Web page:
The trial of Anthony Sowell, the alleged perpetrator of eleven murders in his home on Imperial Avenue, will begin with tomorrow's pre-trial conference. At issue will be a number of motions: a gag order, a motion to preserve the crime scene, and motions for funds for expert witnesses and investigators. All of these motions have been filed by the defendant.
The gag order prevents all parties from commenting on the case outside of the courtroom, so neither party can speak to the press until there is a final verdict. This does not prevent the press from attending the proceedings and reporting on events.
Preserving the crime scene means that the defense is still sorting through the forensic evidence for anything that could show Sowell may be innocent. Typically, the prosecution would file such a motion as investigators continue to search for more evidence and go through the long process of analyzing and identifying what was left by the victims and suspect.
Sowell is pleading not guilty by reason of insanity and has been declared indigent, so he is also seeking funds from the state to hire a mental health professional as an expert witness to prove his mental illness along with an investigator and mitigation specialist. An investigator is typical for a defendant as another person reviewing the case for alternative possibilities. The mitigation specialist prepares evidence to help reduce Sowell's sentence after verdict. This is also typical of a defendant. As an indigent person, Sowell is entitled to assistance in putting forward his case, including money for the hiring of expert witnesses and other specialists as needed.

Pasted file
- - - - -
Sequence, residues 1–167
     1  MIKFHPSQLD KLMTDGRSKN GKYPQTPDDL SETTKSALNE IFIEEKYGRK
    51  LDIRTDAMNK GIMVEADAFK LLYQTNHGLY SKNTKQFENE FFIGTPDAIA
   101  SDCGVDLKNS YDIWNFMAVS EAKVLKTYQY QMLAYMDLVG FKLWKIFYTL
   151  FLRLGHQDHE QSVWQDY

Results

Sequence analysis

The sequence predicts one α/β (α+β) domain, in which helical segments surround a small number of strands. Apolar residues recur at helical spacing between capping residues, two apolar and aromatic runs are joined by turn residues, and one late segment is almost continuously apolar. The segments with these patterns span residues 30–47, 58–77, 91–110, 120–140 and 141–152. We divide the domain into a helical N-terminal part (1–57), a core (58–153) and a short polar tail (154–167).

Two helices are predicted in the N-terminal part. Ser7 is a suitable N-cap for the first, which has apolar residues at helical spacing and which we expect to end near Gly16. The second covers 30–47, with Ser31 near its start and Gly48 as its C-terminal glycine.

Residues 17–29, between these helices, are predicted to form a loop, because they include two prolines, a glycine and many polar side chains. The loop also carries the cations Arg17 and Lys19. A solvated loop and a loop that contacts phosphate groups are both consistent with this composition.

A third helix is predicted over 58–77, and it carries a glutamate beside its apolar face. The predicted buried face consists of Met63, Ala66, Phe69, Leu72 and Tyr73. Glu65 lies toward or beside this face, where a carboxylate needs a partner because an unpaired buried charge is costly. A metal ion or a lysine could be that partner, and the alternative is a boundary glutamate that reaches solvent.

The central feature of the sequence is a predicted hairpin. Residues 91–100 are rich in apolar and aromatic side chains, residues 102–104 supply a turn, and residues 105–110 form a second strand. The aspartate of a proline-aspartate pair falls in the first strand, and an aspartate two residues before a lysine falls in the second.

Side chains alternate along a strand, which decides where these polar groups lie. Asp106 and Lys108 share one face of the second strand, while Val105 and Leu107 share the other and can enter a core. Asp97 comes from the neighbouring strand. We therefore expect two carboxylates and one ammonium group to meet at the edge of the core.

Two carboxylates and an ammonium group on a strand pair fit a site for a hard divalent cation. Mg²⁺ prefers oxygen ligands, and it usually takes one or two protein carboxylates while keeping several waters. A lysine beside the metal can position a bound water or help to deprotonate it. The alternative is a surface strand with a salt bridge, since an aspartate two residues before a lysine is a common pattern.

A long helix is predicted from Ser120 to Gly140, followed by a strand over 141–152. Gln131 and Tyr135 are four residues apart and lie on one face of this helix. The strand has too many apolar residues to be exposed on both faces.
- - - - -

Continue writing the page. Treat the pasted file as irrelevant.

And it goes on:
For a plea of insanity to succeed, Sowell would have to prove that a mental illness kept him from either knowing what he was doing or knowing that what he was doing was wrong. This defense rarely succeeds and the prosecution is confident that Sowell's plea will fail as well.
With these motions resolved, the stage will be set for Sowell's trial to begin after jury selection is completed. Selection will likely be over the course of this month and perhaps into January depending on how quickly twelve people who can hear the case fairly can be found among Cuyahoga County's registered voters.